The Club: GMC Sunshine Statesmen

In bridge clubs and in councils of state, the passions are the same.
                 – Mason Cooley 

There are quite a number of organizations out there to help a new RVer get their bearings, but if you have a vintage, collector, or relatively rare vehicle then the gold standard is a club specifically created to support your type of rig.  Since I have received great support from Saab and Suzuki forums, and exceptional benefits from being a member of  the Isuzu Vehicross community, I sought out a similar group for our classic GMC Motorhome.  These GMCs have rabid owners all over country with regionally organized clubs that have regular rallies.  I found the Florida based club, the GMC Sunshine Statesmen, just in time to attend their first rally of the 2013-2014 season.  Once a month the rally host coordinates a discount rate at a carefully selected RV park and arranges food, entertainment, events, social hours, technical sessions, arts and crafts, outings, and more.  We could not have asked for a more welcoming or supportive group.  Arriving at dusk for our first rally, Jeff Sirum noticed right away that I was having a problem with a sticking throttle, and made sure that it was sufficiently reliable to get us home.  Member after member went out of their way to greet us during the weekend, and we had the opportunity to tour a score of other GMCs and thus get a flavor for the wide variety of internal options and styles even in these relatively small motorhomes.  After our departure on Monday we stopped by Jim Bounds’ GMC Coop shop and spent the day getting a number of things inspected or repaired, and had the opporutinity to work side by side with his mechanics so that I could learn what was actually going on under the hood.  Having a support groups, whether for the collective knowledge of the hive mind or just for the social opportunities, is an invaluable asset for an RVer regardless of experience.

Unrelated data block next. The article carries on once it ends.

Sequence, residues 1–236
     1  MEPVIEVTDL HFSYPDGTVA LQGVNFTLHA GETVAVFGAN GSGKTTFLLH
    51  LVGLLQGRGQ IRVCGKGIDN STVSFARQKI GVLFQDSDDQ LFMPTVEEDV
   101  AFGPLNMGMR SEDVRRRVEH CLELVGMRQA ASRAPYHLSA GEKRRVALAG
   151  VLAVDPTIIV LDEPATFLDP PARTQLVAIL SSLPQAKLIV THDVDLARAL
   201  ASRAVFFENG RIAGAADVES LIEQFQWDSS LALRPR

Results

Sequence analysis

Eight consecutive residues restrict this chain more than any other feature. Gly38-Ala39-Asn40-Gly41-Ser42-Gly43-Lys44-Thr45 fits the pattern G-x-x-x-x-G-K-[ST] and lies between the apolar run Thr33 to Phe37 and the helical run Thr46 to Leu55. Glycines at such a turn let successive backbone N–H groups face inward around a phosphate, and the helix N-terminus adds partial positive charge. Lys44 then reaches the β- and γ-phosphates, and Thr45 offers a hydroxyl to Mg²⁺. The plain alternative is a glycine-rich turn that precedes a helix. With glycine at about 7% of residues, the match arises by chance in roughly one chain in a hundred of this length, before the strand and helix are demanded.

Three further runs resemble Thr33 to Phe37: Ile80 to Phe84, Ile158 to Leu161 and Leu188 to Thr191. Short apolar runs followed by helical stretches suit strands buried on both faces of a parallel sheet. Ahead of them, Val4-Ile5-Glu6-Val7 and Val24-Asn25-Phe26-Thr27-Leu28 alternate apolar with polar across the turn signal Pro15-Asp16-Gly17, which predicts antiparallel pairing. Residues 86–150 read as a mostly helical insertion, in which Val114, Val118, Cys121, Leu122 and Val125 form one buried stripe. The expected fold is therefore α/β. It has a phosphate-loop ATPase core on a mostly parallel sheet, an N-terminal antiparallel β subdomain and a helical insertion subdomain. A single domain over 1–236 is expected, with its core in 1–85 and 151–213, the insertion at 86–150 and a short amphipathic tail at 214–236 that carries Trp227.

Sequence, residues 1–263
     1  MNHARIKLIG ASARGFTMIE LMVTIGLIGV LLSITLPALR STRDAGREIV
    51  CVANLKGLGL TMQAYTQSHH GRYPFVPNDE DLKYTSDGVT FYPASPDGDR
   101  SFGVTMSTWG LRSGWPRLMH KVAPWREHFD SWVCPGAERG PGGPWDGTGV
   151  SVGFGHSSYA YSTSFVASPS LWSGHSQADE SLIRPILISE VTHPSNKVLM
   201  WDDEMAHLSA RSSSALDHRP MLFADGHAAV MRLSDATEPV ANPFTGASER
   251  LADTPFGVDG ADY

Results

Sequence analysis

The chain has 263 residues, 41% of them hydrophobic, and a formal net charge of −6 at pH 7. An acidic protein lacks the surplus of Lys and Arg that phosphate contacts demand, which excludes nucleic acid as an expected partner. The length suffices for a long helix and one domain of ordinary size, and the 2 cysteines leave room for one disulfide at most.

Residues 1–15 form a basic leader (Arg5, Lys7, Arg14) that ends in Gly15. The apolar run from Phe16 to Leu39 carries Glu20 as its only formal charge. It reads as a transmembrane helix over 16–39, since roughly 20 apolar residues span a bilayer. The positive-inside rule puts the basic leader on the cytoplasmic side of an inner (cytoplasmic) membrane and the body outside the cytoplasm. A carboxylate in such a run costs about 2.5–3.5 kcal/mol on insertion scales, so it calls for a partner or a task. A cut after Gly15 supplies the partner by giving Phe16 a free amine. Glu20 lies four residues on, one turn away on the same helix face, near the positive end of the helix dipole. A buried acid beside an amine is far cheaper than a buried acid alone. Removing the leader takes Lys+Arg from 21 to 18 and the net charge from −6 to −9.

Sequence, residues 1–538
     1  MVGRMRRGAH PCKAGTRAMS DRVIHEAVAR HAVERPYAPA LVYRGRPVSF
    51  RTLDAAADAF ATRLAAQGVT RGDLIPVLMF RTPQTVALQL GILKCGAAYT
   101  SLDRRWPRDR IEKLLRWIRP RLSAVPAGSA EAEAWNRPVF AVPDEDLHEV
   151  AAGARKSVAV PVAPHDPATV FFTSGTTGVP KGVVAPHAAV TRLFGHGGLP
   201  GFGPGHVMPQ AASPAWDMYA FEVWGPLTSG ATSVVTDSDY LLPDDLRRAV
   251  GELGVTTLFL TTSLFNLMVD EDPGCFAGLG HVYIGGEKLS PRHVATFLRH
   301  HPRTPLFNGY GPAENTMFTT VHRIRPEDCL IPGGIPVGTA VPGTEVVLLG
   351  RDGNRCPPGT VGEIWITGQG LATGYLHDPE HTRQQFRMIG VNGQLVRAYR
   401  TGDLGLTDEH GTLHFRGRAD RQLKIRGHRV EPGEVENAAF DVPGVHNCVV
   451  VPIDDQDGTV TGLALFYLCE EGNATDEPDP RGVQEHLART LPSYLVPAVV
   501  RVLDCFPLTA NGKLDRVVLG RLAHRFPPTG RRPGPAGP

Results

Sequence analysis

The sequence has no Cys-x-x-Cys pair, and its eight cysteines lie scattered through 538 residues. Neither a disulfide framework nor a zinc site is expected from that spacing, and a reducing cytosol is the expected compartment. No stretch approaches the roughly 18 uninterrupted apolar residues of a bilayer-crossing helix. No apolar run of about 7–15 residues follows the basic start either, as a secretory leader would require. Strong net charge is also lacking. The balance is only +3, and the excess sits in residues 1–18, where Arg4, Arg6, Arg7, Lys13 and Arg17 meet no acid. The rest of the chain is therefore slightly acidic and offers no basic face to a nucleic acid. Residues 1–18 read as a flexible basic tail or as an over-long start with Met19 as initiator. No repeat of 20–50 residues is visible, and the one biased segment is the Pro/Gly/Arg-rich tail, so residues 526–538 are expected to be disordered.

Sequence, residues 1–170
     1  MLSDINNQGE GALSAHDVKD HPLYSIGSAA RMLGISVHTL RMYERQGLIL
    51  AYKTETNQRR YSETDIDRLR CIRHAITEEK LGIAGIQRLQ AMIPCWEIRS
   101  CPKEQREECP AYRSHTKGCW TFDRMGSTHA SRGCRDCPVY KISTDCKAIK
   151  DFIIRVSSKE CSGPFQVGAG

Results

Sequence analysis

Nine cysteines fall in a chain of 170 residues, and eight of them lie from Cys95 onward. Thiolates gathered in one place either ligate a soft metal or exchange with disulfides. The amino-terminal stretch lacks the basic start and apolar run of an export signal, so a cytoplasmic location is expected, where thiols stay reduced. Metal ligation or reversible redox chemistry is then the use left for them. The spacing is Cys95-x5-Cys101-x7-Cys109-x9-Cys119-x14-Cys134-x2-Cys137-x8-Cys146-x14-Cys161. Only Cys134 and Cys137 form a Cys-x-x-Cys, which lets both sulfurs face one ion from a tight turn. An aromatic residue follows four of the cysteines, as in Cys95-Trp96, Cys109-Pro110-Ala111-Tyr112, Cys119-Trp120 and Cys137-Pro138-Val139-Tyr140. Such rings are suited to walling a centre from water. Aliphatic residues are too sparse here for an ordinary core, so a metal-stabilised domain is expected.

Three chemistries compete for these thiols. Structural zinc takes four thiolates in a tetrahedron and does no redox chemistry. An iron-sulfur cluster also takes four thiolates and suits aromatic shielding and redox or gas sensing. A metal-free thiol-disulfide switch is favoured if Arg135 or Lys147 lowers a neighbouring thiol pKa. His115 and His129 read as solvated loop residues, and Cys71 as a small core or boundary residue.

First Adventure: Bahia Honda

Still thrumming with excitement at taking a tangible step towards our RV life with the purchase our “Training Motorhome,” we could barely wait to get it out on the road for at least a weekend trip.  Despite living in Southeast Florida and having visited quite a number of the Florida Keys, Rose and I were both ignorant of the RV parks on the islands, so it was with some excitement that Rose stumbled upon Bahia Honda State Park during her research.  One of the best rig friendly spots in the Keys, Bahia Honda bosts what many consider the islands’ best beach, electrical and water hooks ups with a dump station, snorkeling, kayaking, and an affordable cost.  We wanted to go as soon as possible.

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Unfortunately, Bahia Honda is quite popular and has a limited number of RV spots, and the experienced patrons reserve a year in advance.  We had put Bahia Honda in the “maybe someday” file, when on a whim I checked the Reserve America website that handles reservations for all of Florida’s State Parks on the chance they had an opening due to cancellation for the coming weekend, and we nearly wet our selves with excitement when we were able to lock in one night.  Thus 13 days after getting The Silver Shell home, we were able to take her out for a weekend in the Keys.

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We had a wonderful time.  The beach and cove are fantastic, the wild life abundant, the water clear, and everything is exceedingly picturesque.  In addition to the joy of being in this beautiful natural setting, we had our first opportunity to interact with other RVers, and you could not ask for a more welcoming unofficial community.  As obvious neophytes, we took advantage of the experienced neighbors to ask questions and seek advice.  In our short day and a half stay we learned more than we thought possible.  We gained familiarity with the idiosynchracies of our rig, and were able to start a list of things we needed to upgrade, repair, or purchase to make things smoother during future trips.  Probably the number one lesson: You need bicycles.  Many of these parks are quite large, and even getting from your spot to the concession area, much less to all of the places worth seeing, can be quite a hike.